But the bus needed some work before that could happen. I borrowed the money to purchase it from Rick’s dad. Rick was my best friend, and his father was really wealthy. He took a liking to me…his father, not just because I was his only sons best friend, but because he knew my own dad had died when I was only two years alive. So after I put down the deposit to hold it, I went to him for a loan. I fell in love with this bus the first time ole’ Randall gave me a tour of the inside. I just had to have it. Jack gave me the money…and I paid back every dime.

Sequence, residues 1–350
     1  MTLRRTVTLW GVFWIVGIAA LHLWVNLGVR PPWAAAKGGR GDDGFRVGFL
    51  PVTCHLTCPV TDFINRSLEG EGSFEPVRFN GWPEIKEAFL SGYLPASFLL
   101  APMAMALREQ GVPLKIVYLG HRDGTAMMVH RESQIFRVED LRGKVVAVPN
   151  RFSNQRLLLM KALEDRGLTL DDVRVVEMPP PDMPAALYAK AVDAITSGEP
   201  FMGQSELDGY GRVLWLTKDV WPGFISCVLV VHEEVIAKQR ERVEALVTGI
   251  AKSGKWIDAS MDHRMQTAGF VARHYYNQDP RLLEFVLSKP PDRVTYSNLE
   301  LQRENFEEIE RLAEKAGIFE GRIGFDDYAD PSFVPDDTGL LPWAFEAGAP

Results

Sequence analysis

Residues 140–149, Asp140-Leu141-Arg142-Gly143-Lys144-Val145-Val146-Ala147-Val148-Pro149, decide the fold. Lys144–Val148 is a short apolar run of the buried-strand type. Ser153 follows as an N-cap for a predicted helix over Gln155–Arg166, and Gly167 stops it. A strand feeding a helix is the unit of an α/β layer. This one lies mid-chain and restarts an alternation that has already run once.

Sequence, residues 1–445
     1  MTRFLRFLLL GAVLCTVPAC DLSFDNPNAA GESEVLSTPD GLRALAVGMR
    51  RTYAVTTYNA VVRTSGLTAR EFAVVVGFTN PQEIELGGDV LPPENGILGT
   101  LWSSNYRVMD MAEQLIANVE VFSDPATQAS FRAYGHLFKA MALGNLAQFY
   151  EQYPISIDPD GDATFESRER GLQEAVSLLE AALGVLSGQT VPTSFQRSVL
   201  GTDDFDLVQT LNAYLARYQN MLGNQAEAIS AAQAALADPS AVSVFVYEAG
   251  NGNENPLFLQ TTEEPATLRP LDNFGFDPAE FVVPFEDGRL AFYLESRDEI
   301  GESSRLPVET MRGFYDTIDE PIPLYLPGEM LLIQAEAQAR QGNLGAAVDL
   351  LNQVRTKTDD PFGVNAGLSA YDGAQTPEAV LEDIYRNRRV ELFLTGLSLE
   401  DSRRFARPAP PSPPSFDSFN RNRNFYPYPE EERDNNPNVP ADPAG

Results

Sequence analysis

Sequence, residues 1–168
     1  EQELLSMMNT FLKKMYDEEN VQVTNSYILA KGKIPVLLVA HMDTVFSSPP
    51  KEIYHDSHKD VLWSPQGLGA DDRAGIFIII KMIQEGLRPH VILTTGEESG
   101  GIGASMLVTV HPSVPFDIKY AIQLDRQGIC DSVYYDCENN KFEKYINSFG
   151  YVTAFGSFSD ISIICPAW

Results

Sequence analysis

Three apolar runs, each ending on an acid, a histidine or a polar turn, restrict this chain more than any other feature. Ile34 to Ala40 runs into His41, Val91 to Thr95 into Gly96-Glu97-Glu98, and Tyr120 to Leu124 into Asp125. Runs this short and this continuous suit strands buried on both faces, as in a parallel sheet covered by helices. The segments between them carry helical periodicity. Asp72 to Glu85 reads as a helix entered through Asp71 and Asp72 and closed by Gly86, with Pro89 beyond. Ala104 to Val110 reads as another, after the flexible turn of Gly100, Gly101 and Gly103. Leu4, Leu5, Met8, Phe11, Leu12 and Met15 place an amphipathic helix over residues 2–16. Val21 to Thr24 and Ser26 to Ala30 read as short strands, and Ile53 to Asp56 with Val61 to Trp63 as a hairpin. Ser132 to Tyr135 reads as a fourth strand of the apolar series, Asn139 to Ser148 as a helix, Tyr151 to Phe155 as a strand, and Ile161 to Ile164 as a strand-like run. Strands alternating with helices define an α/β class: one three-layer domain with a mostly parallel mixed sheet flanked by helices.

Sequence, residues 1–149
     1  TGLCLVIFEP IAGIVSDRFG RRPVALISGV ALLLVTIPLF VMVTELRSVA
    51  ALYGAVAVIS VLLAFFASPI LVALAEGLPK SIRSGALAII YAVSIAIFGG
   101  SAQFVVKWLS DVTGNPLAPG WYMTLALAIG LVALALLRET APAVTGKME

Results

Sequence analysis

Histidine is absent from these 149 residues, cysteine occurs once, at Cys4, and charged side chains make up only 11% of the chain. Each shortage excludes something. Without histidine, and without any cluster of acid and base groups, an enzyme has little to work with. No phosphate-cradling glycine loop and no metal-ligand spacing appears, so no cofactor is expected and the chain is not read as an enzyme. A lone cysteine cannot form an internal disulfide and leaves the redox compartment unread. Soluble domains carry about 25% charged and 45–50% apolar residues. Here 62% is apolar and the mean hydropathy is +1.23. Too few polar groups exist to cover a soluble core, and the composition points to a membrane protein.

Randall Farmer was a very talented truck mechanic, with his very own hands he converted her from an antique school bus into a comfortable motorhome. All the amenities, a stove and sink, bathroom, dinette area that converted into a double bed, and a cozy back room with storage and a large sleeping area. And that porch– the porch Randall welded on the back, had a fence all around with a gate that swung open, and was so sturdy six people could stand on it while cruising down the highway. He had also explained to me about the two-speed electric rear end that was permanently jammed in high for better cruising speed on the highway. The man was a genius. There was one last feature that made this about the coolest custom cruiser I had ever seen, and it was in the drivers area. One bucket seat–a high back from a 1972 Charger, custom shag dashboard, and extended stick shift with a Hurst aluminum handle grip. The whole decor reeked of retro hippie mixed with bad-ass biker. It was just too perfect for a 19 yr.old free spirit dreamer, like myself.